Crowd-shipping is a delivery policy in which, in addition to standard vehicle routing practices, ordinary people accept to deviate from their route to deliver items to other people, for a small compensation. In this paper we consider a variant of the problem by taking into account the presence of intermediate depots in the service network. The occasional drivers can decide to serve some customers by picking up the parcels either from the central depot or from an intermediate one. The objective is to minimize the total cost, that is, the conventional vehicle cost, plus the occasional drivers’ compensation. We formulate the problem and present a variable neighborhood search heuristic. To analyze the benefit of the crowd-shipping transportation system with intermediate depots and to assess the performance of our heuristic, we consider small- and large-size instances generated from the Solomon benchmarks. A computational analysis is carried out with the aim of gaining insights into the behavior of both conventional vehicles and occasional drivers, and of analyzing the performance of our methodology in terms of effectiveness and efficiency. Our computational results show that the proposed heuristic is highly effective and can solve large-size instances within short computational times.

Crowd-shipping with time windows and transshipment nodes

Macrina G.;Di Puglia Pugliese L.;Guerriero F.;
2020

Abstract

Crowd-shipping is a delivery policy in which, in addition to standard vehicle routing practices, ordinary people accept to deviate from their route to deliver items to other people, for a small compensation. In this paper we consider a variant of the problem by taking into account the presence of intermediate depots in the service network. The occasional drivers can decide to serve some customers by picking up the parcels either from the central depot or from an intermediate one. The objective is to minimize the total cost, that is, the conventional vehicle cost, plus the occasional drivers’ compensation. We formulate the problem and present a variable neighborhood search heuristic. To analyze the benefit of the crowd-shipping transportation system with intermediate depots and to assess the performance of our heuristic, we consider small- and large-size instances generated from the Solomon benchmarks. A computational analysis is carried out with the aim of gaining insights into the behavior of both conventional vehicles and occasional drivers, and of analyzing the performance of our methodology in terms of effectiveness and efficiency. Our computational results show that the proposed heuristic is highly effective and can solve large-size instances within short computational times.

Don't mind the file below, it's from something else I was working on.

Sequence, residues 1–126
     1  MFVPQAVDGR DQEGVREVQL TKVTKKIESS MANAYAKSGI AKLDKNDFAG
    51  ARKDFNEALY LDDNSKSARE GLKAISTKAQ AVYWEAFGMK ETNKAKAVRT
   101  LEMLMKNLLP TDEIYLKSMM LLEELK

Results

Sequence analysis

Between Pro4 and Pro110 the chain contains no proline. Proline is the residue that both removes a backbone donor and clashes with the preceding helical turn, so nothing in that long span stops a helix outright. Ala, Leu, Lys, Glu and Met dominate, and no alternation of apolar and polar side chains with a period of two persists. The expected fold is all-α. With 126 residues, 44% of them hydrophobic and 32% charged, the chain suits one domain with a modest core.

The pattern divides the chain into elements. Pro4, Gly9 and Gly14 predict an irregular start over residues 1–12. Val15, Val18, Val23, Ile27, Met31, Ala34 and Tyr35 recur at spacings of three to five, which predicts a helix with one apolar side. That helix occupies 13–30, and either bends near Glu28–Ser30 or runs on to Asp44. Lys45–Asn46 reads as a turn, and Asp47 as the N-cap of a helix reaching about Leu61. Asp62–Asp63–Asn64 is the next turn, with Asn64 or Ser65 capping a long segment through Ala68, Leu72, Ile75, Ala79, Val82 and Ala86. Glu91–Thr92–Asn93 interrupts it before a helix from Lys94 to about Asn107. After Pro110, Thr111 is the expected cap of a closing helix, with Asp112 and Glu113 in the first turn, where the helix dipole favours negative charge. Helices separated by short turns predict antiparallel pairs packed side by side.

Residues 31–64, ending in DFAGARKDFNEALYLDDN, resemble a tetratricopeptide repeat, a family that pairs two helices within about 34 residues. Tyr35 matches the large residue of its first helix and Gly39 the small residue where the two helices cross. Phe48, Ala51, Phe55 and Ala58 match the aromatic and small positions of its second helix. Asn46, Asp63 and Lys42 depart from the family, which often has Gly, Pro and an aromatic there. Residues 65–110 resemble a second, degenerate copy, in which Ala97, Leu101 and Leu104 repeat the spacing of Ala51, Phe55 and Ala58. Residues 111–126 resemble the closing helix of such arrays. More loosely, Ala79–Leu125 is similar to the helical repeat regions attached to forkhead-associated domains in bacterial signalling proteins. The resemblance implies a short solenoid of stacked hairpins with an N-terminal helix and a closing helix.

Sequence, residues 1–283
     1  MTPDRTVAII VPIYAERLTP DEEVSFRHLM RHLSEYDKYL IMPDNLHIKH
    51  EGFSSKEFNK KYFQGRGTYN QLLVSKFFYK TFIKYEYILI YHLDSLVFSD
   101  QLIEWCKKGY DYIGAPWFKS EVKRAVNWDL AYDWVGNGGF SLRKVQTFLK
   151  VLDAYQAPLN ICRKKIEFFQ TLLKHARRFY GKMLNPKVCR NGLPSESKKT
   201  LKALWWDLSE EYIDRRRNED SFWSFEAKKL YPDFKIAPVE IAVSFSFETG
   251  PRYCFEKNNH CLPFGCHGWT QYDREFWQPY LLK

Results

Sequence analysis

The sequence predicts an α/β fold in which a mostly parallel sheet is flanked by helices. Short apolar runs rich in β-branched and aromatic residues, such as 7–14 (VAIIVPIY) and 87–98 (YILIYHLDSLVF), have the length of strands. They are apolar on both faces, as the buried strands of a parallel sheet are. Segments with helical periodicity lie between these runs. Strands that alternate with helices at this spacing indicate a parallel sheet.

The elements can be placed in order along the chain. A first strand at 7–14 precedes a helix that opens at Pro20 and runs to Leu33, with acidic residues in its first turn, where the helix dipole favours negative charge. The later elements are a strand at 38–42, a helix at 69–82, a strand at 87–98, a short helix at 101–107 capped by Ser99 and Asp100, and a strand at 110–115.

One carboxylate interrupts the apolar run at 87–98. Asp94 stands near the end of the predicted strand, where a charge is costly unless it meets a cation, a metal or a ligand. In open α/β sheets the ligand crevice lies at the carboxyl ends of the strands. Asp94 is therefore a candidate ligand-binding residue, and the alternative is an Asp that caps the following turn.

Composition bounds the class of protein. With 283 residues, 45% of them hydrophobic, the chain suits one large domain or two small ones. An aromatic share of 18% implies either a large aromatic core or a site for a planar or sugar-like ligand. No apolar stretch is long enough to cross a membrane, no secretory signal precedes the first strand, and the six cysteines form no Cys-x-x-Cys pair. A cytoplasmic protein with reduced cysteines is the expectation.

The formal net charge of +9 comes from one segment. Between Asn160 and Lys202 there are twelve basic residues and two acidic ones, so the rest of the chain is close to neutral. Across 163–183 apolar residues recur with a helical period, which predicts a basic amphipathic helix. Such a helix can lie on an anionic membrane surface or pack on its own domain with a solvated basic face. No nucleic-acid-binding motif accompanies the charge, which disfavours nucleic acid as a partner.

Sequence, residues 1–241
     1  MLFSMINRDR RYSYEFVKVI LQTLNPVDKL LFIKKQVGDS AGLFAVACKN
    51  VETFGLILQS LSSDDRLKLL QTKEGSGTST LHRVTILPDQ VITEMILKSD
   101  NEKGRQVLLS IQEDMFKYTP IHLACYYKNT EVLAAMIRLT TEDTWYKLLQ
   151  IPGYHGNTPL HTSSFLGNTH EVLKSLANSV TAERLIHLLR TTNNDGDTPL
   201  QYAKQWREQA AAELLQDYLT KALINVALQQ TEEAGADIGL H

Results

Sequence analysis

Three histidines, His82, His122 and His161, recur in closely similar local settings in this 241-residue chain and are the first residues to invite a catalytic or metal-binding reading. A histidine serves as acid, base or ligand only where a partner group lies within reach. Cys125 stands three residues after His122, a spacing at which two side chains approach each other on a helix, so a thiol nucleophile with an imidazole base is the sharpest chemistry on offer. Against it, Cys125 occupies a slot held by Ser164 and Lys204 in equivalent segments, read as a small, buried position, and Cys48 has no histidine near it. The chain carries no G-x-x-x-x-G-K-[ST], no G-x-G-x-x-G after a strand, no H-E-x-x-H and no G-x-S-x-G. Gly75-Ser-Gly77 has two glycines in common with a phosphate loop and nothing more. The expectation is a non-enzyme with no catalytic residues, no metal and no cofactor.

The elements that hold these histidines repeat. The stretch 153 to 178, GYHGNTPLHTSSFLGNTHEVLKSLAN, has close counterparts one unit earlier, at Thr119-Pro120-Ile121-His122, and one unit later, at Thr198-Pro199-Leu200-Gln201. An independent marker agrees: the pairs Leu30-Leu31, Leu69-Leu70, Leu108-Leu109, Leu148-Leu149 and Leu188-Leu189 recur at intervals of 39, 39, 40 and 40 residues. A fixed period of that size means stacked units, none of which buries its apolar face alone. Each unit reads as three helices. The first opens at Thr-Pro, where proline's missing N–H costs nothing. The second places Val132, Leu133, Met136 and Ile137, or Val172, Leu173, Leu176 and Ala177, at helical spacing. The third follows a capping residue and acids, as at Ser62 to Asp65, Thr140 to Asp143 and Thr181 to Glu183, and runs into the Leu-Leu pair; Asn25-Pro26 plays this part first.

Logistics; Occasional drivers; On-line retailing; Sharing economy; Variable neighborhood search
File in questo prodotto:
Non ci sono file associati a questo prodotto.

I documenti in IRIS sono protetti da copyright e tutti i diritti sono riservati, salvo diversa indicazione.

Utilizza questo identificativo per citare o creare un link a questo documento: http://hdl.handle.net/20.500.11770/302399
Citazioni
  • ???jsp.display-item.citation.pmc??? ND
  • Scopus 30
  • ???jsp.display-item.citation.isi??? 30
social impact